K.S. writes: I have a coin that I would like a bit of information about. It is silver and has the words -VN-Balboa- on one side and Repvblica de Panama on the other side. Could you tell me a bit about it? Thank you-
The coin is a One Balboa from Panama. Notice the stylization of using the Roman “V” in place of the English “U”. These silver dollar size coins were produced from 1931-1953 in .900 fine silver (.7735 oz pure silver) and were minted at the Philadelphia Mint. From 1966-1984 they were minted at the Royal Canadian Mint and the private Franklin Mint and were sold in various metals and strikings as commemoratives or as contrived collector issues.
Smaller denominations were struck on the identical silver blanks used for U.S. quarters and half dollars. The one Balboa’s were struck on blanks similar to U.S. dollar blanks prior to 1935 (The last year that a U.S. silver dollar was produced for circulation).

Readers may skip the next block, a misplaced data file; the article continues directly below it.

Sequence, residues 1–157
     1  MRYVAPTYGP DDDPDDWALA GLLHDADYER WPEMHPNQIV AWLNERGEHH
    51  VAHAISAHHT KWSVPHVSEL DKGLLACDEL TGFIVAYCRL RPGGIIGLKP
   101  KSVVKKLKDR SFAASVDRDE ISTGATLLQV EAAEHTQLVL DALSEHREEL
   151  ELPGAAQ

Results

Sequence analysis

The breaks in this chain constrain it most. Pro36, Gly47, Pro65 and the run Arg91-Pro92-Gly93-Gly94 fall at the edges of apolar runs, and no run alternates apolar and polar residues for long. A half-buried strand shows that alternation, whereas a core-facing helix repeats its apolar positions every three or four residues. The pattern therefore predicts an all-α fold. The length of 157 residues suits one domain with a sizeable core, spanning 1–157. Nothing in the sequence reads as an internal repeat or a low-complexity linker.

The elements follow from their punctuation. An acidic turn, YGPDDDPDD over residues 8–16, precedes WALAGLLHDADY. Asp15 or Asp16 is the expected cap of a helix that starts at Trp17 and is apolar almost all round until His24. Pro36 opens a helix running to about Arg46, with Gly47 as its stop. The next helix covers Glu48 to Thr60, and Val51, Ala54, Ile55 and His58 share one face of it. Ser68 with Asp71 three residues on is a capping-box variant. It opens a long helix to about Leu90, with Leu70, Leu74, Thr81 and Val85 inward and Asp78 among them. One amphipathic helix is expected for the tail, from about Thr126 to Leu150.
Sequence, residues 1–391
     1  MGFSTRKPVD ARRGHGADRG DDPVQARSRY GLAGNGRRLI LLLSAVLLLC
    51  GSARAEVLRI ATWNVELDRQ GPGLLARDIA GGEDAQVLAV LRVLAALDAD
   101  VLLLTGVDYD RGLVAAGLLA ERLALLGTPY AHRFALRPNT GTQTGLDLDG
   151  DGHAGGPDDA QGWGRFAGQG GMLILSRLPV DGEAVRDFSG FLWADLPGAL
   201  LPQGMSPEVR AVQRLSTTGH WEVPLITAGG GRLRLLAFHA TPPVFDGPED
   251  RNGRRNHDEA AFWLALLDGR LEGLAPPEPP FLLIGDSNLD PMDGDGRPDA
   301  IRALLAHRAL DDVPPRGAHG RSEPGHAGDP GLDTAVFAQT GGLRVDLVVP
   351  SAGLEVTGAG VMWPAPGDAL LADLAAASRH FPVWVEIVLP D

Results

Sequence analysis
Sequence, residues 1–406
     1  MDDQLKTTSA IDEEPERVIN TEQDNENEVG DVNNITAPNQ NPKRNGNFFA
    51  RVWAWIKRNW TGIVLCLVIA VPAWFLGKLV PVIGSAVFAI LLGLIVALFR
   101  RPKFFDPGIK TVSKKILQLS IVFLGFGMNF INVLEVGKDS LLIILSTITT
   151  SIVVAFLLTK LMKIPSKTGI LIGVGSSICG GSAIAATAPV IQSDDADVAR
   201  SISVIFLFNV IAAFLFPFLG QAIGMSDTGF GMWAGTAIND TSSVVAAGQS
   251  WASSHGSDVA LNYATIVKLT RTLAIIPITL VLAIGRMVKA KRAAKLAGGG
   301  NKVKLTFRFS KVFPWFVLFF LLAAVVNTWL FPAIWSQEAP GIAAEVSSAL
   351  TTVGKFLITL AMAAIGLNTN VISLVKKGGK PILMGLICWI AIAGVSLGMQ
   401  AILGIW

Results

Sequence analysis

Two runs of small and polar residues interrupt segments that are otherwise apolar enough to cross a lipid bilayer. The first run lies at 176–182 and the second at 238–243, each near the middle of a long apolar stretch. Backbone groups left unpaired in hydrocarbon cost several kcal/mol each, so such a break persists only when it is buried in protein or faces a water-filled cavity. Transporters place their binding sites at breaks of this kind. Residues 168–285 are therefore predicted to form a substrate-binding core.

Values depend on grade but these often trade near silver bullion value in the market.
- 1/4 Balboa – approximately US $3.25
- 1/2 Balboa – approximately US $6.50
- 1 Balboa – approximately US $13.
The above prices are for average circulated pieces dated 1964 and before. After 1964, only half balboa’s contained silver but at a lower fineness (40% instead of 90%) until 1970. Circulation one Balboas ceased production in 1966 (A Royal Canadian Mint issue) This parallels U.S. coinage standards in this era. Standard copper-nickel issues are worth face value (US$=B1)
It is rumored and probably true that when the dies for the various Panamanian denominations were surrendered by the Philadelphia Mint, some were subsequently stolen and after a time coins appeared struck with these dies in various metals. I have seen some of these concoctions minted in low grade gold (probably 10K fineness or less). The stories surrounding the coins of Panama actually make the coins even more fascinating to collect.